But what is the difference between food loss and food waste? Food loss refers to food that spoils or is lost before it reaches the consumer. It usually happens during the production, storage, processing, and distribution stages of the food chain. For example if a large quantity of milk in a factory goes bad due to improper storage temperature, that constitutes food loss.

Food waste refers to perfectly good food that is thrown away after it has reached the retail or restaurant/catering sectors, or consumer households. Reasons usually include “ugly” appearance, poor planning, incorrect understanding of expiry dates, negligence etc.

In developed countries waste is more prevalent than loss. Waste also has a larger footprint and negative impact on the environment as it includes the processing and transport stages of foodstuffs. For example a tomato being thrown away in the field is not the same as a prepared tomato sauce being thrown away in a supermarket or our kitchen, as harvesting, processing and transport of the sauce have already created extra emissions.

The per capita food waste footprint on climate in high income countries is more than double that of low income countries (7). It’s obvious that we as consumers play a very important role and more awareness on these issues is absolutely crucial.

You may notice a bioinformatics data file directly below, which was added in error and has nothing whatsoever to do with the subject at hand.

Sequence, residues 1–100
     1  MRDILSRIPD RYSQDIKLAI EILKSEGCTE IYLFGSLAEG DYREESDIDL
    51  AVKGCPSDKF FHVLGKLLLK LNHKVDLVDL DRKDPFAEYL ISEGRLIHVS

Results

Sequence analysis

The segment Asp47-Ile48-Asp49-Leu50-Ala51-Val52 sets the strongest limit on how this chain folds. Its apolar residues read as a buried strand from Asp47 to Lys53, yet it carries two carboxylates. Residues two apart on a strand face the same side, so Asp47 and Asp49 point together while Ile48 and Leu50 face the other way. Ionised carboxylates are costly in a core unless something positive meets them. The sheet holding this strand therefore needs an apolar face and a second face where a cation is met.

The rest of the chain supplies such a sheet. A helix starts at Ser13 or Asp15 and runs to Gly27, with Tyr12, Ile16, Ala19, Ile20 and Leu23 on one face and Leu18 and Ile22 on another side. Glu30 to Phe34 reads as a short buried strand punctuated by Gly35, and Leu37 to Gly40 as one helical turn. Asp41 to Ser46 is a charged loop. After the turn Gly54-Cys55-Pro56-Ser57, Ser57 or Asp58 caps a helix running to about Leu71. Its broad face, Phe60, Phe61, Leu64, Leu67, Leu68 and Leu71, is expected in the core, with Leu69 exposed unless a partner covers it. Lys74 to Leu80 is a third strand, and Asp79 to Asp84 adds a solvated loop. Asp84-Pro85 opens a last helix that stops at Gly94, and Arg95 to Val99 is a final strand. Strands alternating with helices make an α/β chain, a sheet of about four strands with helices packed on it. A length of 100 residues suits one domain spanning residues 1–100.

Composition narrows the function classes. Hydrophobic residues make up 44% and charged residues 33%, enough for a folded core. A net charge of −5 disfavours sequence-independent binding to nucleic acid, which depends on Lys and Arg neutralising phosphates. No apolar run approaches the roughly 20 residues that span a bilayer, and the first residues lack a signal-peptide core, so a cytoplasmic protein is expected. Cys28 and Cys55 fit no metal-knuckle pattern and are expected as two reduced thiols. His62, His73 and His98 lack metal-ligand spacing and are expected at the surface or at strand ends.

There are many ways we can reduce food waste, most of them being obvious and requiring just a bit of common sense. Sometimes however it can be useful to be reminded with small tips; a nudge in the right direction shall we say. I’ll go over the main tips in another article but for now, I suggest we all take a look at our own mindset and habits.

Do we over-order at restaurants? Do we go shopping on an empty stomach and end up with more than we need? Do we prefer to get a take-out rather than spend some time creating a new dish with our leftovers? Well it’s time to adjust our way of thinking and wake up to reality. Food waste is a huge problem that we all need to pay attention to. Starting in our own homes.

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And now as promised, some ideas on how to use up fresh herbs such as parsley, dill, basil and spearmint. It’s these that usually end up all sad and wilted in the back of my fridge.

I recently ended up with some vegan cream cheese that was pretty awful. I have drastically cut down on cow dairy and I’m in the process of looking for a good plant based alternative. This one did not make the cut. Even so, I was not going to throw it out so I looked for a way to make it a bit more palatable. Just when I thought I would have to resort to adding a whole load of sugar, I remembered to check Pinterest. And sure enough, it gave me the idea for this dip. And it meant I could use up some herbs I had lying around too… win win! (Details in the recipe section below)